Ghostery, a browser extension that blocks advertisers and web publishers from tracking your online behavior, has opened up its code so anyone with some programming chops can see exactly what's going on.
Making Ghostery open-source software -- a program anyone can copy, modify and distribute -- means it's now possible for interested outsiders to get involved in its development, said Jeremy Tillman, director of product at Ghostery. And it should help clear the air lingering around Ghostery because of how its owner until last year, Evidon, did business.
"As a privacy product, especially one designed to give users a look behind the scenes at what data companies are collecting and doing with it, we thought it was important to give our users a look under the hood," Tillman said. Evidon offered Ghostery for free in exchange for user data used in its business product, an approach that "was hard to understand and lent itself to conspiracy theories," he said.
Ghostery, now owned by a German browser maker called Cliqz in which Firefox maker Mozilla is an investor, is one of a growing range of options to block tracking software built into websites. Those trackers are designed to build profiles people who visit websites, which lets advertisers target particular groups and thereby earn better money from ads.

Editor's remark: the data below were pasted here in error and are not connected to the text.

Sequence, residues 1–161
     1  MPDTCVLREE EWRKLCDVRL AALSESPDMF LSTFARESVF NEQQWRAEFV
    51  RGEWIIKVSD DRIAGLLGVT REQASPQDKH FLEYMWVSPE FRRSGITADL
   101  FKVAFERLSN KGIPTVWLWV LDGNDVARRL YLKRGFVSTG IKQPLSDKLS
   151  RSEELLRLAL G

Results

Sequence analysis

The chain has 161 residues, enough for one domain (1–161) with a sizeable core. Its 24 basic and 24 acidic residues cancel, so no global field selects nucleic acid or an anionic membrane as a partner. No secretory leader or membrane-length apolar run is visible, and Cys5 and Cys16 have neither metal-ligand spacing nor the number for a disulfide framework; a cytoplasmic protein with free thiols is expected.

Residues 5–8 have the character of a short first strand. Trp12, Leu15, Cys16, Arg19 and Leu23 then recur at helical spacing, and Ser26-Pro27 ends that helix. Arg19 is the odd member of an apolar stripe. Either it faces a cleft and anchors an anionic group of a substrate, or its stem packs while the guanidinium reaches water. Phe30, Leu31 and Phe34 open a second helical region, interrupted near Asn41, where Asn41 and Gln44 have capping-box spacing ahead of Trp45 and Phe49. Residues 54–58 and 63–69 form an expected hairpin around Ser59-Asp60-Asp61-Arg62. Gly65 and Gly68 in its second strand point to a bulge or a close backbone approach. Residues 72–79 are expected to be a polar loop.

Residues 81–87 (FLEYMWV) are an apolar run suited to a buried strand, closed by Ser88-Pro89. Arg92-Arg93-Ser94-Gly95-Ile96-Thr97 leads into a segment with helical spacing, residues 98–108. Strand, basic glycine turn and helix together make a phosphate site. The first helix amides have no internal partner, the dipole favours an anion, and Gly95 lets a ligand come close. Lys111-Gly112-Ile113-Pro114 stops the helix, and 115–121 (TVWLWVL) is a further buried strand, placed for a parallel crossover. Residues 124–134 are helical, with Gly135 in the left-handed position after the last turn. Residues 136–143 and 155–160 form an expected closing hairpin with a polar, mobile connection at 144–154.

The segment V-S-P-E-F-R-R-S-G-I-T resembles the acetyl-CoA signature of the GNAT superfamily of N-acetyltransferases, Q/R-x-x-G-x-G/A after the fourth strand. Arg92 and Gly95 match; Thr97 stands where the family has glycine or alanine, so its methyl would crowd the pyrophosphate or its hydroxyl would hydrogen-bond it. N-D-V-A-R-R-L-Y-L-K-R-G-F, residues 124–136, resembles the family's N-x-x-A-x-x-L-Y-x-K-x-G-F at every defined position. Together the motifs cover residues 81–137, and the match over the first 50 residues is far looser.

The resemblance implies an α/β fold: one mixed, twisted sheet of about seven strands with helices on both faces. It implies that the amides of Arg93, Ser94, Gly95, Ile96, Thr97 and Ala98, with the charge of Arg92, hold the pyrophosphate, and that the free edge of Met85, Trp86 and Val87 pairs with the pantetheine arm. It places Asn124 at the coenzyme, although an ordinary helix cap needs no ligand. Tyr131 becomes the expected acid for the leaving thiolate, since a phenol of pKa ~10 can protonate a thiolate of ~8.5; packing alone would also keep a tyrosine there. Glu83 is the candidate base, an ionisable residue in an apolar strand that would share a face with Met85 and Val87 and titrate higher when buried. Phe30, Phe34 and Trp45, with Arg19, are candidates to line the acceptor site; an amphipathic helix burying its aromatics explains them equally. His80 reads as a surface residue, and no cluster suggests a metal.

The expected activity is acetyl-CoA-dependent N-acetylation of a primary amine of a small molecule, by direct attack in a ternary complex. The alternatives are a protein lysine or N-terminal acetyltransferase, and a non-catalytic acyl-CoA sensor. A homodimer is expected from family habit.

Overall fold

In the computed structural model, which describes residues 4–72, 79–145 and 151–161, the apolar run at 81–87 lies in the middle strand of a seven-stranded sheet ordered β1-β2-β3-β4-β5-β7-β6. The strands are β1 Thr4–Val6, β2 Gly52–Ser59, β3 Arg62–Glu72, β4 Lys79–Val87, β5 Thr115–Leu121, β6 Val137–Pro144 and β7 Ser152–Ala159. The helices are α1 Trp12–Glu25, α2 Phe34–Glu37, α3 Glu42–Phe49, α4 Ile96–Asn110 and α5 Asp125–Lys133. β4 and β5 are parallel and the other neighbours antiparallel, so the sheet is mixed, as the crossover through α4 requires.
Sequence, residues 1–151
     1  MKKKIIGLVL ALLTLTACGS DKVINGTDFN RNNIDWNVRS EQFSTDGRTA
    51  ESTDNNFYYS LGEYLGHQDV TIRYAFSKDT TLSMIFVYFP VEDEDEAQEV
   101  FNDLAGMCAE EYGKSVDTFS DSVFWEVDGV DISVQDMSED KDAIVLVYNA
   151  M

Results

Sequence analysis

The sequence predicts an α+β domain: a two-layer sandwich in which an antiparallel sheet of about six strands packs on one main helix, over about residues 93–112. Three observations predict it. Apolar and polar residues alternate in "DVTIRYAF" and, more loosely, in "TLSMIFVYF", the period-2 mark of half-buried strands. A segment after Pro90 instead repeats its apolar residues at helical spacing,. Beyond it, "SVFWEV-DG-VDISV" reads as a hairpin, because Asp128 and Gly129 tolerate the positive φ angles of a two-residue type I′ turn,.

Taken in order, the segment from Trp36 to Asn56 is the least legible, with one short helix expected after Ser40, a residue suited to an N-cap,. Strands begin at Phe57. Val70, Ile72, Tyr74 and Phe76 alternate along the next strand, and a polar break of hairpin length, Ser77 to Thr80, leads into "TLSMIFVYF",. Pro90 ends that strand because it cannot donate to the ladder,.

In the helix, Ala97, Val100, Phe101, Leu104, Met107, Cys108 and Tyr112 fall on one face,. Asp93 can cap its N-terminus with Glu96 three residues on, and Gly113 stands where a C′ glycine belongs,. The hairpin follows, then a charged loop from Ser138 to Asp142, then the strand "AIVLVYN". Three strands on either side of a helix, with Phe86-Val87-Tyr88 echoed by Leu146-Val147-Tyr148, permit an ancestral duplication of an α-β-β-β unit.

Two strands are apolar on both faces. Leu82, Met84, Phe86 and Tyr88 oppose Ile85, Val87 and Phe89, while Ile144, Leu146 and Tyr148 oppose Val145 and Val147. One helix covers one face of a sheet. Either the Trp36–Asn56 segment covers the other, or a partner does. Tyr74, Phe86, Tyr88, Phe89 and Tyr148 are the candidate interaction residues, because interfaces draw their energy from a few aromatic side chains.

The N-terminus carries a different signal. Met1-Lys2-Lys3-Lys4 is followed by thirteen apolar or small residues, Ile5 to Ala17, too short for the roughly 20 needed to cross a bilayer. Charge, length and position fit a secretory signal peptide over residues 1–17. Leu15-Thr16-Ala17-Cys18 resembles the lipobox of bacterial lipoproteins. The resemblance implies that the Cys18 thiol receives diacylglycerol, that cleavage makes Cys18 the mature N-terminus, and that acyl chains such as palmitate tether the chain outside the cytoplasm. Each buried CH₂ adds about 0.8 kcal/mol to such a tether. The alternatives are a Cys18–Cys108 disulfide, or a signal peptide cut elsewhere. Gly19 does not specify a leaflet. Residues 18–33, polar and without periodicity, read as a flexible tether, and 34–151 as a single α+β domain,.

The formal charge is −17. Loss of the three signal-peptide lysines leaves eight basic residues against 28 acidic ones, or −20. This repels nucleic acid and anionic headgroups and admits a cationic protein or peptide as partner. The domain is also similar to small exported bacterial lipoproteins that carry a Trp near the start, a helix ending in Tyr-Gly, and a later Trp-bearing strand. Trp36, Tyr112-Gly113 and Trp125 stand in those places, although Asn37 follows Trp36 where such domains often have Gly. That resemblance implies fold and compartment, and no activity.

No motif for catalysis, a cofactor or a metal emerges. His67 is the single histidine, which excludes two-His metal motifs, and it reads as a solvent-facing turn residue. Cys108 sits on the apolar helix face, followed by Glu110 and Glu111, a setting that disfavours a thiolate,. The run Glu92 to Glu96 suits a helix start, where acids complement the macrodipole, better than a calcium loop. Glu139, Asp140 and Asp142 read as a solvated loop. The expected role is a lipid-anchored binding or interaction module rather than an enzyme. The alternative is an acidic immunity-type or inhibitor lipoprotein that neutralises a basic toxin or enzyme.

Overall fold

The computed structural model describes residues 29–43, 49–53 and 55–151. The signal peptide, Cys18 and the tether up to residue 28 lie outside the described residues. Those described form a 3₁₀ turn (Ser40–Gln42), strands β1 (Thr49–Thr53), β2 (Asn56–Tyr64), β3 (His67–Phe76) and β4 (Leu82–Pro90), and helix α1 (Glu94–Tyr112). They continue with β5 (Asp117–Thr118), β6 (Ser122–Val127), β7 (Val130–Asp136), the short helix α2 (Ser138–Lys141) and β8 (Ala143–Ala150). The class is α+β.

But trackers also slow down websites, flatten phone and laptop batteries faster, and of course raise privacy concerns. That's why tracking blocking is enabled by default by browser startup Brave, partially by Apple's Safari and optionally in Firefox.
Millions of people use Ghostery today, Tillman said, though he declined to release precise figures.
Ghostery is free, but now as a part of Cliqz, there's a new way to make money in the works. In the second quarter, the Ghostery team plans to release its first version of tool that can help website developers measure the effect trackers have on site performance measurements like page-load speeds, Tillman said. It'll also let people investigate other tracker issues, like scrutinizing what tracker technology competitors are using.
Even as proprietary software, about two dozen outsiders were very actively involved in Ghostery, Tillman said. Making it open-source software means they'll have an easier time contributing and also that others could join in, too.
"We're definitely not pegging our roadmap to mystery contributions from the community," Tillman said. But making it open-source "gives them a channel to help us evolve the product."